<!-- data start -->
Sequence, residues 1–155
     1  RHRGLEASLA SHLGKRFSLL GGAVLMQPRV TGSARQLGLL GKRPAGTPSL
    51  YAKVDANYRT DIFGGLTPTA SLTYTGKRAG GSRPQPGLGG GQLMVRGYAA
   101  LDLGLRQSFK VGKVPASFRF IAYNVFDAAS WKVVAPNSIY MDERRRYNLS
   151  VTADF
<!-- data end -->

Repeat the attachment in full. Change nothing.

Sequence, residues 1–155
     1  RHRGLEASLA SHLGKRFSLL GGAVLMQPRV TGSARQLGLL GKRPAGTPSL
    51  YAKVDANYRT DIFGGLTPTA SLTYTGKRAG GSRPQPGLGG GQLMVRGYAA
   101  LDLGLRQSFK VGKVPASFRF IAYNVFDAAS WKVVAPNSIY MDERRRYNLS
   151  VTADF